SSD Claims, Denials And Appeals

A significant number of Social Security Disability Insurance (SSDI) applications are denied by the Social Security Administration (SSA). A denied claim, however, is not necessarily the end of the road for you when you depend on these benefits. There is an appeals process available to make your case for benefits.

Our attorneys at Marrs & Terry, PLLC, have more than a decade of experience in helping people navigate complex legal processes. We take pride in what we do because we have the opportunity to help people get real results when they are struggling with disabilities and financial hardships — things that make it difficult to get by day-to-day.

We are here to help you appeal your denied SSD claim in Michigan. Contact us today at one of our offices in Jackson, Ann Arbor or Canton to arrange a consultation.

Why Was My Claim Denied?

Your SSDI claim may have been denied because of:

  • Insufficient evidence of your disability. You may need to provide more complete medical records or participate in medical examinations that were overlooked in the initial evaluation.
  • Insufficient evidence of your financial need. You may be earning too much money or have not provided complete documentation of your income and earning history.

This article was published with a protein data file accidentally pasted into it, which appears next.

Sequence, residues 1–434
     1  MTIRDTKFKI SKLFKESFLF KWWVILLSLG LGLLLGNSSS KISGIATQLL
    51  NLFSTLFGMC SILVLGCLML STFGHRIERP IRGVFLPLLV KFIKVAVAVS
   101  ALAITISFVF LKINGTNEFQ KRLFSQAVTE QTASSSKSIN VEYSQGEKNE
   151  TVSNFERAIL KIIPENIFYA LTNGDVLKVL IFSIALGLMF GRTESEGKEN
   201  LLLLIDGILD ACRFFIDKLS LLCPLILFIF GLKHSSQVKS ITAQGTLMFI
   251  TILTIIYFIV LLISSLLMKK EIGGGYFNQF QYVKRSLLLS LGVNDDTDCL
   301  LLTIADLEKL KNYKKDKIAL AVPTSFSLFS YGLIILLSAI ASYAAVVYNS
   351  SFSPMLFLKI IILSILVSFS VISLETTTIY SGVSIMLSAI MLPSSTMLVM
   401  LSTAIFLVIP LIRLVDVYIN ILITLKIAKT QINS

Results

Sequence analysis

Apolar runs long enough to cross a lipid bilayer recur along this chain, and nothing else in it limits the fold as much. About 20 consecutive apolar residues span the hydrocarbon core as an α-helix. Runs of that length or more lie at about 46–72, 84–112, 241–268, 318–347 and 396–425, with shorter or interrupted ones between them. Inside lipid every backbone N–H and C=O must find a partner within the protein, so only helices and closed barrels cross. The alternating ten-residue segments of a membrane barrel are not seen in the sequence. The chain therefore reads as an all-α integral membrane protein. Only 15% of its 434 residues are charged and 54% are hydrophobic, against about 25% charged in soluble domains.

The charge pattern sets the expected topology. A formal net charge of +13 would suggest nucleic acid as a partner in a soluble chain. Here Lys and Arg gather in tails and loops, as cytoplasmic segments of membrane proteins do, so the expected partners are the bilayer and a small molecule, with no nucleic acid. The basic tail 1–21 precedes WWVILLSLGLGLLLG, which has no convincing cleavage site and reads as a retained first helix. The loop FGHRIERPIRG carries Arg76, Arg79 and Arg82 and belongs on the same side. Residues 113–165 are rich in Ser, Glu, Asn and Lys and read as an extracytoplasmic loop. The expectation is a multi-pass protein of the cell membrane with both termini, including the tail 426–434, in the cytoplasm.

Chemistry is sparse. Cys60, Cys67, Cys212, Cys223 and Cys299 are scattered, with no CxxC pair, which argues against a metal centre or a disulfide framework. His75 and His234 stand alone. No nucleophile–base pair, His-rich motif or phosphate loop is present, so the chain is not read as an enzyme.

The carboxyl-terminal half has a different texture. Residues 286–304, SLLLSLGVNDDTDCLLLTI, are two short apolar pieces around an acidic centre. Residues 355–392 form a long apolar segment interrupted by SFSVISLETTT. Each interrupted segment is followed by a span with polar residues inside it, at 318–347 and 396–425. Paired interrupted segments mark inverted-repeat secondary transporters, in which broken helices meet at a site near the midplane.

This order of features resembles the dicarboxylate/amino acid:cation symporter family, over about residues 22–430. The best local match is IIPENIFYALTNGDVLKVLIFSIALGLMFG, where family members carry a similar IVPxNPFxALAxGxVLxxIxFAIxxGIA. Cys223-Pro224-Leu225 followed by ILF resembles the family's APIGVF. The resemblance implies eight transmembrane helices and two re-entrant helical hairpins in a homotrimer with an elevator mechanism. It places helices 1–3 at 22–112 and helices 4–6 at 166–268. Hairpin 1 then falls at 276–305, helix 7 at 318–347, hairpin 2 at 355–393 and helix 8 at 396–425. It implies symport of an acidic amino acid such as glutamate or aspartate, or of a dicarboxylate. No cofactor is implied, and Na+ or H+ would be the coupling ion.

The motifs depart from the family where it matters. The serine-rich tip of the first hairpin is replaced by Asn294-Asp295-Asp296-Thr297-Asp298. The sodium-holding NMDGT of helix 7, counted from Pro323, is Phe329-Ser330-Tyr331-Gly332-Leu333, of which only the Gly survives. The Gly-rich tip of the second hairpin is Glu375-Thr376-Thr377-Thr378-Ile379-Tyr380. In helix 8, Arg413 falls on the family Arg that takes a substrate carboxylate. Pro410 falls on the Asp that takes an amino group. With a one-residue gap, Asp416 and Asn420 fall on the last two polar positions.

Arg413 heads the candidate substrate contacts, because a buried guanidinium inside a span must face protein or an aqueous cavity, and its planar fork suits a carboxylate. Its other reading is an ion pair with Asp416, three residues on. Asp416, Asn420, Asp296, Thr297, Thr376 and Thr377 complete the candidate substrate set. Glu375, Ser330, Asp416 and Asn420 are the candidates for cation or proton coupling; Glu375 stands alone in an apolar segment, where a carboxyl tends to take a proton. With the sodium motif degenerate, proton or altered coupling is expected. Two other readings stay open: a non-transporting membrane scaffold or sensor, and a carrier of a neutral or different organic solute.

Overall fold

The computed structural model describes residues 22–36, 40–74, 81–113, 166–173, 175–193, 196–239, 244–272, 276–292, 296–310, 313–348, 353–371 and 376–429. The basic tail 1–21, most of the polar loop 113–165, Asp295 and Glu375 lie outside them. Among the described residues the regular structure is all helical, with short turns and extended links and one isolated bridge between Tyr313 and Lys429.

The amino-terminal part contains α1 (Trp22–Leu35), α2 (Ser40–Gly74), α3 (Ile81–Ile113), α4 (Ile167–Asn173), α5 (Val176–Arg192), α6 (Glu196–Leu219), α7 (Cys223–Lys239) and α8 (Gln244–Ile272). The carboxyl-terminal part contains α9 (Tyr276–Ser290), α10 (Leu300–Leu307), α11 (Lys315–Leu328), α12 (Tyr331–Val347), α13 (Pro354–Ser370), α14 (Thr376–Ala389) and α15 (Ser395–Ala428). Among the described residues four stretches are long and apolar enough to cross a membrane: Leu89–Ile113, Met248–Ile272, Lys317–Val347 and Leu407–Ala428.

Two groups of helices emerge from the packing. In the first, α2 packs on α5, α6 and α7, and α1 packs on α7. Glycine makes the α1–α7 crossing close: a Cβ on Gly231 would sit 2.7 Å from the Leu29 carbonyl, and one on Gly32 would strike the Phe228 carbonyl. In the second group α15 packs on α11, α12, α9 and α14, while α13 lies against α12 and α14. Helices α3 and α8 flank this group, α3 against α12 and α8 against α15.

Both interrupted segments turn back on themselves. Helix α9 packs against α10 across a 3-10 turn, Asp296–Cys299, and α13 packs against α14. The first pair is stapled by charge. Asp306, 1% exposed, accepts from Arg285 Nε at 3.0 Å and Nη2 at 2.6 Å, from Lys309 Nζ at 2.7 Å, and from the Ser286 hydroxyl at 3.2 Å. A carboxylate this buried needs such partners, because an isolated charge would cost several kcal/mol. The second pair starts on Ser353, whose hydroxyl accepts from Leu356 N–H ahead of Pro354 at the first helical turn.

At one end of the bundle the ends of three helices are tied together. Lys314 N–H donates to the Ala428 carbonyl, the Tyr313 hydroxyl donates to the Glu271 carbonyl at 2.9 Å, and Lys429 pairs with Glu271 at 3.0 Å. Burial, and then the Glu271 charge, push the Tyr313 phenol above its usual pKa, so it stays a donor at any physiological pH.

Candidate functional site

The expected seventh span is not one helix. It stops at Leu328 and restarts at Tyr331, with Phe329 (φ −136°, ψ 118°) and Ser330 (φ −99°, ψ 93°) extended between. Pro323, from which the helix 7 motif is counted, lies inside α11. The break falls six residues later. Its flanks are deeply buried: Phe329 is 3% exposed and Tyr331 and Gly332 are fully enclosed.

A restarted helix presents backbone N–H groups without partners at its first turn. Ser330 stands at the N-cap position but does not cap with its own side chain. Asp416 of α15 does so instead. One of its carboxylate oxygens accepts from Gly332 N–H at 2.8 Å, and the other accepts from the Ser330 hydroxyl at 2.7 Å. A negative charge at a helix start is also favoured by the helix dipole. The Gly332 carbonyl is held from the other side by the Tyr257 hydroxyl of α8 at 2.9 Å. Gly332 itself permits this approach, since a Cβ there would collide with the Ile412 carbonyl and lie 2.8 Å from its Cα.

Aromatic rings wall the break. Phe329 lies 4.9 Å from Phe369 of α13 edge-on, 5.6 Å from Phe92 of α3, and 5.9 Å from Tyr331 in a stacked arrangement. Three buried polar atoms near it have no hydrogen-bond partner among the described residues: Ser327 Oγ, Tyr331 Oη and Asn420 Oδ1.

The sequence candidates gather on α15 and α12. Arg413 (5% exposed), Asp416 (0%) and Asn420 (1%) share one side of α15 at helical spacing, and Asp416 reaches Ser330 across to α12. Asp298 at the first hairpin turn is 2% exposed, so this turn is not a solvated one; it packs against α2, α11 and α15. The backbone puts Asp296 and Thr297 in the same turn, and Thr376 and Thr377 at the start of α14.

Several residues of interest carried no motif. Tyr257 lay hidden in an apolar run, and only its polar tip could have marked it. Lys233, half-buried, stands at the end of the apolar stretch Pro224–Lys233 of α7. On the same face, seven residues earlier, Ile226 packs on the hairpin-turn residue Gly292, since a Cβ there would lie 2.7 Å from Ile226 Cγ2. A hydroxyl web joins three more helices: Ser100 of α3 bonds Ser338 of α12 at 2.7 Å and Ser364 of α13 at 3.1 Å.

• Ineligibility for SSDI: In some cases, we have seen people whose disability simply does not meet the requirements for collecting SSDI benefits.

If your disability isn't severe enough (isn't expected to last at least 12 months or result in death), or your income level is not low enough to make you eligible, we may still be able to find other options that can help you get the financial support you need.

The Appeals Process

Do not go through this process alone, and do not hesitate to take action. Your appeal must be filed within 60 days of your denied claim. At that point, you will need to file a request for an Administrative Law Judge (ALJ) hearing. This hearing will involve the presentation of claimant testimony, medical evidence, impartial testimonies from vocational and medical experts, etc.

If the ALJ hearing does not result in a favorable ruling, we may be able to appeal the case to an Appeals Council. This council is made up of multiple Administrative Law Judges who will review any new evidence and rule on eligibility. If this still results in an unfavorable ruling, the claim may be taken to the U.S. District Court and beyond.

Contact Us

These are complex legal processes that should be navigated with help from an experienced lawyer. Our team will work with you through the process to make sure every detail is presented in your best interest. We welcome your call.